Lawmakers introduce Valentine's Day bill to make tax code LGBTQ-inclusive
“The Equal Dignity for Married Taxpayers Act will make small changes that have a huge impact on the affirmation of the LGBTQ community."
By Tim Fitzsimons
Rep. Andy Levin, D-Mich., introduced on Thursday the “Equal Dignity for Married Taxpayers Act” in Congress, which would scrub the tax code of gendered terms like “husband” and “wife” and instead replace them with neutral words like “spouse”.
“Today, as Americans celebrate Valentine’s Day, I introduced this bill to make simple, common sense changes to our tax code so that it accurately represents all people to whom it applies,” Levin said. “The Equal Dignity for Married Taxpayers Act will make small changes that have a huge impact on the affirmation of the LGBTQ community.”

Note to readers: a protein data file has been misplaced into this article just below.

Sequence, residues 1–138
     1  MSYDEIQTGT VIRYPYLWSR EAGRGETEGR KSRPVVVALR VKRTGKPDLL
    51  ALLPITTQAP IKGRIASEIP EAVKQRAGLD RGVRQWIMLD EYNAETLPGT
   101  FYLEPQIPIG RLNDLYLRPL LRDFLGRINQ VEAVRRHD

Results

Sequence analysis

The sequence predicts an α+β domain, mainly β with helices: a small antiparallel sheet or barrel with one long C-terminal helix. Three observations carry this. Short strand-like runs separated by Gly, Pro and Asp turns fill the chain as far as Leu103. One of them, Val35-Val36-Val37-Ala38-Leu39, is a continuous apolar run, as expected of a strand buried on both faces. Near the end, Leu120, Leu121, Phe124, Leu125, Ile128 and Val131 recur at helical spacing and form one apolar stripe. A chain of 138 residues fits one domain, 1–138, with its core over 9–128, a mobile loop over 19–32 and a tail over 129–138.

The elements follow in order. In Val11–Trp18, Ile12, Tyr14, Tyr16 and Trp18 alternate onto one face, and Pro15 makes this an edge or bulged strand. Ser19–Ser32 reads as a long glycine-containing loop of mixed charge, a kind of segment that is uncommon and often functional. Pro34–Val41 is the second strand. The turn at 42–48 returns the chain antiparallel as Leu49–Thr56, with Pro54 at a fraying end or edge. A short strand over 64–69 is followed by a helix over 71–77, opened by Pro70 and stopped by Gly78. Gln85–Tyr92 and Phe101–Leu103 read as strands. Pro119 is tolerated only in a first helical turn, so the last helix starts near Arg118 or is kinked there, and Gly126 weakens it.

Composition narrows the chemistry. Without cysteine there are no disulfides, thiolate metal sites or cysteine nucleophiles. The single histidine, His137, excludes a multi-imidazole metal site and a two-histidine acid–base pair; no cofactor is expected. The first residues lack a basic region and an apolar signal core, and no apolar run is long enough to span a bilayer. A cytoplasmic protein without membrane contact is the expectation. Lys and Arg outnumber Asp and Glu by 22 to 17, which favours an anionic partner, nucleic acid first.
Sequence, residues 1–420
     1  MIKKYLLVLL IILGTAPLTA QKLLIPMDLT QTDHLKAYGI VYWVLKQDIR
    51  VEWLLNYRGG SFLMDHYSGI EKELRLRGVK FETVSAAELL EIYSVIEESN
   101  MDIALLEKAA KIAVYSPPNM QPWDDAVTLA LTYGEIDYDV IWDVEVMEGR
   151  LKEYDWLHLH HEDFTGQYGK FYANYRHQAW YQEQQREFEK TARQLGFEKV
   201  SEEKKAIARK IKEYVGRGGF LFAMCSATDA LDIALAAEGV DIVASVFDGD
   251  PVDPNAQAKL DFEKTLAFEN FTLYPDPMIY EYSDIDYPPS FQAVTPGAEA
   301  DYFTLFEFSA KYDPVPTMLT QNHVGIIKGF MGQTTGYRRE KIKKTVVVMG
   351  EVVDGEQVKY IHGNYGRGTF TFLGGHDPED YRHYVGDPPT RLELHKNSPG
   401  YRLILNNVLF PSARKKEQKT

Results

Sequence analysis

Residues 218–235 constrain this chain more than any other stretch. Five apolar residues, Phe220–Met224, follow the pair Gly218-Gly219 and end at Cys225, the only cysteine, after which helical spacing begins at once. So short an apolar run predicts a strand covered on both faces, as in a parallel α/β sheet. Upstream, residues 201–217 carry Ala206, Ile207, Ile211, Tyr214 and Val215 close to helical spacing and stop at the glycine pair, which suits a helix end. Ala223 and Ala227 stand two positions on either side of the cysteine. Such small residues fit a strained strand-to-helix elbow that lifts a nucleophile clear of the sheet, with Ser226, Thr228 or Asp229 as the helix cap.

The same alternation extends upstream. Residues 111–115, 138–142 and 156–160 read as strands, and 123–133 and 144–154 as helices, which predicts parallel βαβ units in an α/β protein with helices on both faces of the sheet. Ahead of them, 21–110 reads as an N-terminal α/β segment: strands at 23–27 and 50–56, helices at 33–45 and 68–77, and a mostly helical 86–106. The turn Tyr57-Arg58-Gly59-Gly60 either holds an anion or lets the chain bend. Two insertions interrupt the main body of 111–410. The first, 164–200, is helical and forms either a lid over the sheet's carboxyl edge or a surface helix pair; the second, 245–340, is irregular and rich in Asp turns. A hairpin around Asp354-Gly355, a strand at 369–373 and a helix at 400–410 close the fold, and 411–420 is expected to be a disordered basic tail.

Co-leading on the House bill is Rep. Judy Chu, D-Calif., a member of the Ways and Means Committee, who said “tax filing is often difficult enough already without also making LGBTQ families feel prejudiced against,”
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Sen. Ron Wyden, D-Ore., who will introduce the Senate version of the bill said “the tax code still reflects the discrimination of a bygone era. It’s past time for that to change.”
Former Rep. Sandy Levin, Andy’s father and predecessor, introduced similar legislation several times before his son took over his seat in 2019.
Mara Keisling, executive director of the National Center for Transgender Equality, applauded the bill's introduction.
“This bill is an innovative step to scrub our tax code of anachronisms that sideline transgender taxpayers and ignore the progress our country has made in securing the right to marriage equality for all,” Keisling, said in a statement shared with NBC News. “Any law that tries to enforce strict and outmoded definitions of gender is bound to hurt every American of every gender.”